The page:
A slim majority of pension executives, money managers and consultants responding to a Pensions & Investments fax poll are nervous about the market's lofty heights, but think it can go higher.
Asked if the current market level made them nervous, 53% of the 144 respondents said it did, while 47% said it did not.
And just more than half of those nervous about the market level had taken action because of their unease.
The poll was conducted early last week, before the market declines of Wednesday and Thursday. The Dow Jones industrial average closed at 5921.37 on Thursday, down from the 6000 level it touched briefly on Monday and Tuesday.
When asked how high they thought the market might go before there is a 10% correction, the median estimate was 6300 on the Dow, with a high estimate of 9000 and a low of 5999.
Consultants were the most optimistic of the respondents, with their median market peak at 6327 on the Dow. The median peak for fund executives was 6250, while the median for money managers was 6200.
For all three groups, the low estimate for the market peak before a 10% correction was 5999.
Before the midweek market weakness, the respondents thought the market would be near the peak by year end. The median estimate for the Dow at the end of the year was 6100, with a high of 7000 and a low of 5400.
Again, consultants were the most optimistic, with a median estimate of 6150, followed again by fund executives at 6100 and money managers at 6000.
Among those respondents concerned about the market's record levels and who had taken action:
*A number had increased their cash positions;
*Some had changed their equity mix to add more defensive stocks;
*Others had increased their international equity exposures;
*Two said they might hedge their equity exposure;
*One had increased his exposure to fixed income; and
*One was considering Standard & Poor's 500 collars.
When asked what action had been taken, one money manager wrote: "Reduced beta, increased yield and reduced earnings variability of the portfolio."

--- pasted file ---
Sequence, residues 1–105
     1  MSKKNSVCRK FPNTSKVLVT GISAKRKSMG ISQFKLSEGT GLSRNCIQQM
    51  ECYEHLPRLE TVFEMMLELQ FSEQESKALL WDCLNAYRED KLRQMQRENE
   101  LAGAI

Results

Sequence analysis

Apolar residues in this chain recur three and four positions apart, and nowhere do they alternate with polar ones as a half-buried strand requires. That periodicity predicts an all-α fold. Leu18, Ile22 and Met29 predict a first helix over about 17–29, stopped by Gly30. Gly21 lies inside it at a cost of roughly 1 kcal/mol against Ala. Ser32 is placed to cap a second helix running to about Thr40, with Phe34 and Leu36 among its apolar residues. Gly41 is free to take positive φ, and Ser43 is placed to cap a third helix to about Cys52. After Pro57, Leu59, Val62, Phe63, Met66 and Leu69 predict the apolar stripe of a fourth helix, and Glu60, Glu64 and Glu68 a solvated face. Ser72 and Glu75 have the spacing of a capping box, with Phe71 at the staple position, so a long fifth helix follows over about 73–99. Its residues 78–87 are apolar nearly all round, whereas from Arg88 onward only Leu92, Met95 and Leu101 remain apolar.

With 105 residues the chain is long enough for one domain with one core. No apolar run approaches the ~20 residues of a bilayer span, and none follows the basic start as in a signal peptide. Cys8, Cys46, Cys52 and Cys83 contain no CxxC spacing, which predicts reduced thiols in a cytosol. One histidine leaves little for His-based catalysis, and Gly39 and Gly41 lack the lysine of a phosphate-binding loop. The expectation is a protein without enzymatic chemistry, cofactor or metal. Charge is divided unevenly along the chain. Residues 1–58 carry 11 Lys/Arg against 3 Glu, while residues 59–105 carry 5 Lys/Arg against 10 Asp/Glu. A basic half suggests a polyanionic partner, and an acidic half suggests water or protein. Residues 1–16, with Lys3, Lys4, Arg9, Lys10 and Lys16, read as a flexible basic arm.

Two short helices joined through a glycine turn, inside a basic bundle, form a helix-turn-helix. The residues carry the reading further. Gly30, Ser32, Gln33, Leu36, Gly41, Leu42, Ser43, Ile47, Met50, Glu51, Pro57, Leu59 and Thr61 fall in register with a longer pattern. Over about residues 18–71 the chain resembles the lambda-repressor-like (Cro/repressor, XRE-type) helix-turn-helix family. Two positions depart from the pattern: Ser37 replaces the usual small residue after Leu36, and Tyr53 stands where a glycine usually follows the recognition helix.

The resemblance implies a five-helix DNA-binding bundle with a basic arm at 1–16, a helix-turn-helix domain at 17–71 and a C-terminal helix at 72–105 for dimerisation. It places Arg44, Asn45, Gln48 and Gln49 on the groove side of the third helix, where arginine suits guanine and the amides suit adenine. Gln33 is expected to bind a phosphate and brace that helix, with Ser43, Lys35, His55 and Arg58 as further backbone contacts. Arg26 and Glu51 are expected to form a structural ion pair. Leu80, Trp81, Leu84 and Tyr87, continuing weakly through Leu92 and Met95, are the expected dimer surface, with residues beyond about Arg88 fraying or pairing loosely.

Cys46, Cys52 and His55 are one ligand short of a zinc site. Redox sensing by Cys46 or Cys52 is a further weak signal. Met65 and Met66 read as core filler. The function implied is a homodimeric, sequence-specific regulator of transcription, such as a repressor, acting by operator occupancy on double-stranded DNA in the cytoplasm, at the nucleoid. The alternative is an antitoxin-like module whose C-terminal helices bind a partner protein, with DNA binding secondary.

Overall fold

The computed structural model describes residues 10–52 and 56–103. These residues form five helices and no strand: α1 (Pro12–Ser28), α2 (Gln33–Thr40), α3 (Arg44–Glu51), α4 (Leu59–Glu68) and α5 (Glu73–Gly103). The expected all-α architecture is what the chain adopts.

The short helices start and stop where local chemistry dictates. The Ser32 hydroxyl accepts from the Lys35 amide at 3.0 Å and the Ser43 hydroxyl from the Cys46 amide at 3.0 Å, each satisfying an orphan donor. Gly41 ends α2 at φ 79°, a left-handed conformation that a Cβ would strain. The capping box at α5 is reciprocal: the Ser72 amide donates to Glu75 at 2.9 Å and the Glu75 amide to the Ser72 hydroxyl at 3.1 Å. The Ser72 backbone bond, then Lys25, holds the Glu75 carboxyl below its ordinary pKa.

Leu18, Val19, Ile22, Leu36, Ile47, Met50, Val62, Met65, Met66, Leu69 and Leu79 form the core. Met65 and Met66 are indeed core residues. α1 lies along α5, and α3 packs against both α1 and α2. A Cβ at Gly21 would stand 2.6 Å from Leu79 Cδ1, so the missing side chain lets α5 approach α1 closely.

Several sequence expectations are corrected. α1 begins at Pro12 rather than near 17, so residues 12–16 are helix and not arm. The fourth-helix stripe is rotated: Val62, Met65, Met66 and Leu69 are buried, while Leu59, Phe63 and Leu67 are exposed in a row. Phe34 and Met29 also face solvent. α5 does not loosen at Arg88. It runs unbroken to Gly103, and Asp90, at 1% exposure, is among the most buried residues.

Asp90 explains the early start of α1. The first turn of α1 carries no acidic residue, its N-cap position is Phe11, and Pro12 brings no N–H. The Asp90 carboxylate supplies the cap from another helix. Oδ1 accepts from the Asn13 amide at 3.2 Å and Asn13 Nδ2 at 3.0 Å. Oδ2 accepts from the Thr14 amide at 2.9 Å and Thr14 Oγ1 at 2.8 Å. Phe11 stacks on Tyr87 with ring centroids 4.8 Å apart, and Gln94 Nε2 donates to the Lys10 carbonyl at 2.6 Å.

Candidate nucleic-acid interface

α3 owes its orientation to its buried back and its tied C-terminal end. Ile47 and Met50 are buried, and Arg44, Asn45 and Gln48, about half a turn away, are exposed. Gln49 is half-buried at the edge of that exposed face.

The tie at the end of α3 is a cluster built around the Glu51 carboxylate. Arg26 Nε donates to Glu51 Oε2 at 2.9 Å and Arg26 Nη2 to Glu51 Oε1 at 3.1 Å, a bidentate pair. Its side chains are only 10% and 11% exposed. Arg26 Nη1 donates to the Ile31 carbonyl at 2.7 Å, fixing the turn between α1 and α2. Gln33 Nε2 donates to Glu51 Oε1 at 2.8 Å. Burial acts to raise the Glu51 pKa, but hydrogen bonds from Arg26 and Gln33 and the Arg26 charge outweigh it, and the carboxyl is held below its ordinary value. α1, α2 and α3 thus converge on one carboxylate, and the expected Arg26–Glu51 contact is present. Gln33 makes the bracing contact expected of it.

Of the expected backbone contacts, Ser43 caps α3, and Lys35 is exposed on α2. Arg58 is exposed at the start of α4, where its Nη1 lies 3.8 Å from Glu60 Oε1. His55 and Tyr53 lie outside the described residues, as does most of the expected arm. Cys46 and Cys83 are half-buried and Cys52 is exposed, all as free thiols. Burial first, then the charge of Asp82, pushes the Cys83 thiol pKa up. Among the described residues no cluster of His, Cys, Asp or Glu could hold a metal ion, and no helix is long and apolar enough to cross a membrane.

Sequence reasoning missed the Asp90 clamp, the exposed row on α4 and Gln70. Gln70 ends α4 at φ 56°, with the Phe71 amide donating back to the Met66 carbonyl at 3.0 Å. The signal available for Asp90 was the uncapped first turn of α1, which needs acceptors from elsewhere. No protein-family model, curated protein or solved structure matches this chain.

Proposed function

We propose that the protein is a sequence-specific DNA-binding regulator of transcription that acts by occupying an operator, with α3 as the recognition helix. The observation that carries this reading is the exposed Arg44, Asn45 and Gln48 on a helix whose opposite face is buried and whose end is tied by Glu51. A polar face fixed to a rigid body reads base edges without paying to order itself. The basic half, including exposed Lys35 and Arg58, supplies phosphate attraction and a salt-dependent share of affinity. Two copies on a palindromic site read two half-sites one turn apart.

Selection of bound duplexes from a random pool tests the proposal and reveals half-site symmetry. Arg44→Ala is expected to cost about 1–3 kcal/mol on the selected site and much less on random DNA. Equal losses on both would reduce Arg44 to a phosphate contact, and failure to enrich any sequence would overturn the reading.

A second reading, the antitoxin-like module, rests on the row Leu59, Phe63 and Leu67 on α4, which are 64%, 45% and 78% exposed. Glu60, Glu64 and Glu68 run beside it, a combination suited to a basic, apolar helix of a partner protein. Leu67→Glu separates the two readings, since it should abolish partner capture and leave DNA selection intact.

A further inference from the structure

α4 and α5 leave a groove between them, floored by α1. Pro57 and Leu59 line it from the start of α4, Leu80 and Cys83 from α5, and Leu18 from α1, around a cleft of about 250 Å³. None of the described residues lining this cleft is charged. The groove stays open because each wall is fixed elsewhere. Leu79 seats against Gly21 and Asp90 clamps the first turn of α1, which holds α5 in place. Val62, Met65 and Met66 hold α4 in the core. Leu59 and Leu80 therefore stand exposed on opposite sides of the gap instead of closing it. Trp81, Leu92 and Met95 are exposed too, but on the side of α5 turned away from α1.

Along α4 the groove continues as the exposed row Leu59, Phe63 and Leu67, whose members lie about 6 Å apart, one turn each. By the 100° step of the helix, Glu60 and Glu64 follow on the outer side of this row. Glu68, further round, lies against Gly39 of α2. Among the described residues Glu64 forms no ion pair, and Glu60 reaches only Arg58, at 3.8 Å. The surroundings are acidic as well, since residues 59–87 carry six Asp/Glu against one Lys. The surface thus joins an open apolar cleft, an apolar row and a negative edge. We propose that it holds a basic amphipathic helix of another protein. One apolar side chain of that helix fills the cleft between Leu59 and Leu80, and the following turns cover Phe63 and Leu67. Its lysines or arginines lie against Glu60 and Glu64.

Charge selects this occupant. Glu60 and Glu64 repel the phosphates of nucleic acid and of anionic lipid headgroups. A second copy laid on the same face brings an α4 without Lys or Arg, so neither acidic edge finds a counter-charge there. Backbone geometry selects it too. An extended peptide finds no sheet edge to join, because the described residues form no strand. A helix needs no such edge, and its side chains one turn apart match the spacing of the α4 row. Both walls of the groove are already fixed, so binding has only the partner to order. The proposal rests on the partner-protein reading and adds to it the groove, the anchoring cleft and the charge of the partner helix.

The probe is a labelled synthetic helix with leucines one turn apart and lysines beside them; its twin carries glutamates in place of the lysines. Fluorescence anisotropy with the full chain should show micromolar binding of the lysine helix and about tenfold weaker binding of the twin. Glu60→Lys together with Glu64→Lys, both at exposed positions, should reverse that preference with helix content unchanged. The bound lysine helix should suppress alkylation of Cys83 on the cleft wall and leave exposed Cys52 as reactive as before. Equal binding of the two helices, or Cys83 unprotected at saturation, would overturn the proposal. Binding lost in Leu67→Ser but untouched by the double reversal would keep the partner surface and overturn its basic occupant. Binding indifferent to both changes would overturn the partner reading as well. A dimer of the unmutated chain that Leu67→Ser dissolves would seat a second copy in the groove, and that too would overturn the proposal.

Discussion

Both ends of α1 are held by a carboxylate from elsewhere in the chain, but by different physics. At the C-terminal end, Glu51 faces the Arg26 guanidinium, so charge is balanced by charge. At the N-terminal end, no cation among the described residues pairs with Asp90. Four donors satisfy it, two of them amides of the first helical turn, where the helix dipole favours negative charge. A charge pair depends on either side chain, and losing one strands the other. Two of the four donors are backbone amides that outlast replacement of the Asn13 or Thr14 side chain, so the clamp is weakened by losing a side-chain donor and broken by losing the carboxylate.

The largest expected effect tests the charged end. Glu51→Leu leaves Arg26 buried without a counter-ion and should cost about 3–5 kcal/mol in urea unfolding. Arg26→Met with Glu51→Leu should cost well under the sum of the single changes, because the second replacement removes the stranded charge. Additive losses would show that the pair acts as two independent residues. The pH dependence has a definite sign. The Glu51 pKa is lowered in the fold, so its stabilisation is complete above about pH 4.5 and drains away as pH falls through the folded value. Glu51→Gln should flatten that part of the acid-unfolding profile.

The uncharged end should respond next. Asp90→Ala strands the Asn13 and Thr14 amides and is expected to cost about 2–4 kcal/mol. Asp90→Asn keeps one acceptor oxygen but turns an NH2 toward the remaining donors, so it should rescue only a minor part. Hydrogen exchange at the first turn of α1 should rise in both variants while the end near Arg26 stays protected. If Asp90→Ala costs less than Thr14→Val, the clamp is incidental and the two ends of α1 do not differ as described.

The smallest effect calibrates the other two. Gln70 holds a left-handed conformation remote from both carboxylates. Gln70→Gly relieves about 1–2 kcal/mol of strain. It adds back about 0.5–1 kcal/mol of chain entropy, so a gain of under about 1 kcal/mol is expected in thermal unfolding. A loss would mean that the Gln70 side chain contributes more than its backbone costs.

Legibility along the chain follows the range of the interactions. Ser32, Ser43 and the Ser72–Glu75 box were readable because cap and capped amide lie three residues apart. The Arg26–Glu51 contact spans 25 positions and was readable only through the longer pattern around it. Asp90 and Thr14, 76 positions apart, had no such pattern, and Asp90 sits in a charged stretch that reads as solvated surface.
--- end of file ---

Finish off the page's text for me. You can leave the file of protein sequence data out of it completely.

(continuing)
Said another: "Taking profits, accumulating cash reserves." And a third: "Shifting some equities into fixed-income securities and cash."
Disappointing corporate earnings reports were named by 62% of the respondents as a development likely to bring about the end of the current market rise. Rising interest rates were named by 38%; 25% named fear of rising inflation; and a few named rising consumer debt levels. (Some respondents named more than one likely trigger).
However, respondents apparently expect little stock market fallout from the election results. Almost 90% believe the market already has factored a likely Clinton re-election into its valuations. However, only 63% believe the market has yet recognized and adjusted for a possible Democratic party takeover of at least one of the houses of Congress.
Only a minority (32%) of the respondents expect the Federal Reserve Bank to lift interest rates before the end of the year. Of that minority, 61% expect the Fed to take action in November, after the presidential election, while the remainder expect it to occur in December.
And 61% of those expecting a rate increase expect the Federal Reserve to lift rates by 25 basis points. The others expect an increase of 50 basis points.